The new European Parliament has a busy agenda ahead of it in the intellectual-property (IP) sector. The new Members of the European Parliament (MEP) have the task of reviewing and amending the existin

LONDON -- The new European Parliament has a busy agenda ahead of it in the intellectual-property (IP) sector.

The new Members of the European Parliament (MEP) have the task of reviewing and amending the existing five directives concerning IP that were passed in the '90s.

The 786-seat European Parliament was elected June 10-13, and new members now hold more than two-thirds of the seats. MEPs are elected for five years. The Parliament will hold its first plenary session July 20 in Strasbourg, France.

One of the key IP issues for MEPs, according to industry sources, will be a ruling on the Term of Protection Directive, which modernizes a directive of 1993.

Currently, recorded works in the European Union are protected for 50 years from the moment of their first recording. After that, they fall into the public domain. In contrast, publishing rights are protected for 75 years after the death of the owner.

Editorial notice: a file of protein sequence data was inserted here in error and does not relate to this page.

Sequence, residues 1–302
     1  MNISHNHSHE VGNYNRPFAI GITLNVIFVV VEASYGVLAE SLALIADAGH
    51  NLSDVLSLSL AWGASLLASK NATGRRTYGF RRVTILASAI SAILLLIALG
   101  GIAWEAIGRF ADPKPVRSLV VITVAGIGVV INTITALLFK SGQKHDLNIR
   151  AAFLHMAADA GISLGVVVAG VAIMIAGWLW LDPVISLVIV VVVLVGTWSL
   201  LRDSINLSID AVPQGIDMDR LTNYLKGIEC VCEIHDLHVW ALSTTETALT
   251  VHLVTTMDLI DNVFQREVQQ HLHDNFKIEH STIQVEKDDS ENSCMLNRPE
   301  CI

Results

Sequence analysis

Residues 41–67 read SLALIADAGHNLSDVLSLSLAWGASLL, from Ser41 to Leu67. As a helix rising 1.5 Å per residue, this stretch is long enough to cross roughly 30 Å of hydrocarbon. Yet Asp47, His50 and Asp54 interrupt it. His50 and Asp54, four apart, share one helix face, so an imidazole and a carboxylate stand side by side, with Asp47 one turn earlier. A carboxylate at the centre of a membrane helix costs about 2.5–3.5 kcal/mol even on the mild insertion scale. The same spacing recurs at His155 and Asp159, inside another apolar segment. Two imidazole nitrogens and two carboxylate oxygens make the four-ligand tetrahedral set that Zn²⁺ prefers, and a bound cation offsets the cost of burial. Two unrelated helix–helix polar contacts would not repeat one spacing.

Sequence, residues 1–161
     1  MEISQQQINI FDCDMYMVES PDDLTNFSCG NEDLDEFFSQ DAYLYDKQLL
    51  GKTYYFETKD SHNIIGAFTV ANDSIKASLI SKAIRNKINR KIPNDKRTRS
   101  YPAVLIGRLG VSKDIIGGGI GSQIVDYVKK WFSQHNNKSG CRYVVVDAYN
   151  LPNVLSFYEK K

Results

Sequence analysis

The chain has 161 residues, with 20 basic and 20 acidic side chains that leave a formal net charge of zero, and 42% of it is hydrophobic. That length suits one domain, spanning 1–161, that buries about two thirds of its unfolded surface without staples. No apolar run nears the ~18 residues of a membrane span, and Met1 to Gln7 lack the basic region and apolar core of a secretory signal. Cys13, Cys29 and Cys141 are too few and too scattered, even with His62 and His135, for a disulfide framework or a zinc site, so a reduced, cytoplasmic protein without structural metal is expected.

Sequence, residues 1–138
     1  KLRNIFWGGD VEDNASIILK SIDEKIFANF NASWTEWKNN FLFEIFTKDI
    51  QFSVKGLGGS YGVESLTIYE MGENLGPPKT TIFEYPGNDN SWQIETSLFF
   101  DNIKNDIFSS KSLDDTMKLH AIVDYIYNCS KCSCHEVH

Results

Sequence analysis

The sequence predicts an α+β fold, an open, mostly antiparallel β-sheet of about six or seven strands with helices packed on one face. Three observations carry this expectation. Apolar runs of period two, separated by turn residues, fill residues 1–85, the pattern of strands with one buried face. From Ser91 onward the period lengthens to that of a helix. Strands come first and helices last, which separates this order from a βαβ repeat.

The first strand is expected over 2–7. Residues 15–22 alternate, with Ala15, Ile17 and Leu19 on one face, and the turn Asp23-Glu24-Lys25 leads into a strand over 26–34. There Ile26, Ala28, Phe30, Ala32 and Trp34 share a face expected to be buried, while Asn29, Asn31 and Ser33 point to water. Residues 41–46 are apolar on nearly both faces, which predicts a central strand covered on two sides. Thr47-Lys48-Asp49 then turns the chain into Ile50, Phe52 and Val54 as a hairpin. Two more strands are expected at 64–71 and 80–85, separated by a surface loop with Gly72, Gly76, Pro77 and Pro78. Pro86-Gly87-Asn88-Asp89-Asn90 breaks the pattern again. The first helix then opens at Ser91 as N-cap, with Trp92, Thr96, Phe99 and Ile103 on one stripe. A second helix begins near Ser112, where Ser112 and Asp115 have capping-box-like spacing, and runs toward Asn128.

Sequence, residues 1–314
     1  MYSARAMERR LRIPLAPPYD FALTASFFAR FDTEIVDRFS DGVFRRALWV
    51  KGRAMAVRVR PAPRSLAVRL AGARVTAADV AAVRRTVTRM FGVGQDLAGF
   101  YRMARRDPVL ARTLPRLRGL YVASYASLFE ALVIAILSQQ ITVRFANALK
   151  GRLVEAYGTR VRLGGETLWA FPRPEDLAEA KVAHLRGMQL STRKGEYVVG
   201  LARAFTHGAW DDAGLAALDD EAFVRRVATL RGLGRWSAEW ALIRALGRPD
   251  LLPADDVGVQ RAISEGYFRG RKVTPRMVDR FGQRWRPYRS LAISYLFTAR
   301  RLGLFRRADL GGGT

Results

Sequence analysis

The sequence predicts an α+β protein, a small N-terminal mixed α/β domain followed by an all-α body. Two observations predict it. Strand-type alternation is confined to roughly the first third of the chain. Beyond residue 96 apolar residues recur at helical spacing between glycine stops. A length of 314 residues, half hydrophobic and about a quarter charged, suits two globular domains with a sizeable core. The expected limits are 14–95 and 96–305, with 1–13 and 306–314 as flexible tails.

The music industry, through trade body the IFPI, is seeking an extension of the duration of sound recording rights. In the United States, following the Sonny Bono Copyright Term Extension Act of 1998, the duration of protection has been extended by 20 years and can reach up to 95 years from first publication. Industry memebers have suggested that the EU harmonize its terms of protection with those of the United States.

MEPs are also expected to review the level of criminal sanctions for pirates and the management of digital rights in the Internet era.

Frances Moore, IFPI regional director for Europe, admits that with the new Parliament, a lot of field work will be needed in order to "re-establish a network of contacts." This is especially true now that the EU counts 25 member states.

"However," she adds, "we are happy to see that many key supporters of intellectual property have been returned, and that is a good starting point." She refers to such MEPs as Ireland's Arlene McCarthy and France's Janelly Fourtou, both extremely active in Strasbourg on IP protection issues.

"The power of the European Parliament continues to grow," says Moore, "which is a good thing for us since we have often relied on MEPs to put legislation affecting the recording industry onto the right track."